> somewhere "in real life", so be it.
Interesting musings and a point of view, Eric.
However, I think myself that the best "artificial laws" are those that
feel most "natural" to me.
Even though I like to rearrange the numbers, still for my taste, most
of the "greedy algorithm permutations" (like EKG-sequence or any other
of the type "for the next term choose the least number which satisfies
certain condition involving the previously constructed prefix of the
sequence") are _too_ self-referential, not that much involved with a
larger universe of sequences. Of course many of them offer very nice
problems (like e.g. whether they are permutations in the first place)
for people who like tough nuts, but as I have quite a limited
brain-power, I abstain from that sport.
Instead, I keep on finding isomorphisms and bijections between
"naturally" occurring entities (like e.g. partitions, etc, present in
prime factorizations, run lengths of base-2 representation, and so
on), and then create sequences by cross-referencing them. I guess this
is all trivial from the view point of real mathematicians, but I like
it. Also, staying in the "natural landscape", or deviating only a
little from it, leaves always a possibility of surprising serendipity
years later, when somebody else (or my future self) bumps to same
sequences in an apparently different context (different enough that it
doesn't feel trivial!). And I think that's the most important point of
doing this publicly, and not just collecting these to one's own hard
drive. Unexpected social connections with many interesting and
enlightened people.
But of course I like also to construct more "artificial" things, but
still keeping in mind the first principle, that "the chosen components
should fit well together".
For example, various number sieves is an interesting phenomenon, also
culturally (Lucky numbers from Ulam, and so on).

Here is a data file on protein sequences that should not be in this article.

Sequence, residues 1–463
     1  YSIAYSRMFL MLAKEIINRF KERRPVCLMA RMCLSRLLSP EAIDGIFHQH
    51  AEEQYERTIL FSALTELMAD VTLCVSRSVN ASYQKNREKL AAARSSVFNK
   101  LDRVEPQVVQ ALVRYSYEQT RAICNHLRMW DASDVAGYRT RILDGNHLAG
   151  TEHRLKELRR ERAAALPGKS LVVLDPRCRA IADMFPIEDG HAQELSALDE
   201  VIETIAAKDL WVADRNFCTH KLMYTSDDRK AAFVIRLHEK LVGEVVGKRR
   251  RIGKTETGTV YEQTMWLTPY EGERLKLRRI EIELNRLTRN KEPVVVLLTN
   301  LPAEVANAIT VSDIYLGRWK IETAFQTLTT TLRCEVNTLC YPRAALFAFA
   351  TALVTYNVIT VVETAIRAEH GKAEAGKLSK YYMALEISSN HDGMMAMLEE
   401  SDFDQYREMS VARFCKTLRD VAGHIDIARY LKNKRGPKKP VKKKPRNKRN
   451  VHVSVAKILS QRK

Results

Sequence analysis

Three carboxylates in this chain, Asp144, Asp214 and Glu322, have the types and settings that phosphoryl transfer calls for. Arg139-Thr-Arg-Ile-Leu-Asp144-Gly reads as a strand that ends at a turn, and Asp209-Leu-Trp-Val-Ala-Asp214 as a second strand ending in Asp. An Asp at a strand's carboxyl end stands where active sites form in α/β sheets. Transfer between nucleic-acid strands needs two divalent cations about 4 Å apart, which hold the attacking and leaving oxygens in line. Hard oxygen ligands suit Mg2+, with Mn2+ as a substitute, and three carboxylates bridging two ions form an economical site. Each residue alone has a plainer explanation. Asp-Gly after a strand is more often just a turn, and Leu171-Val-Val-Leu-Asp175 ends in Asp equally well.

Here's an example how two of them (Sieve of Eratosthenes and Ludic
numbers sieve) co-create something visually nice:
https://oeis.org/A255422/graph (where does that periodicity of those
gentle waves ultimately come from?)
Then, just last night, after I had a nights before edited Peter
Kagey's new sequence involving Ulam-spiral (Ulam again...), and
created a few indexing sequences to be able to define it more exactly,
I suddenly realized that the other indexing sequence could be used to
create "Spironacci numbers". And indeed, it was already in OEIS with
almost the same name, "Spiro-Fibonacci numbers":
https://oeis.org/A078510
(submitted by Neil Fernandez, Jan 05 2003).
Now, this is an interesting case. For example, where would you place
it in your continuum of "natural" ... "artificial" laws?
Of course it's similar to Fibonacci-like recurrences in that the next
term is computed from two earlier terms of the same sequence (as their
sum), but here the distance to the lesser of these keeps on growing
continually.
Also, it seems like its growth-rate is revving up quite slowly,
compared to "constantly-relatively-indiced" recurrences.
Artificial or not, I think it might be nice starting material to be
used in a few basic templates I have employed in my other
"construction projects".
Best regards,
Antti
>
> Best,
> É.
>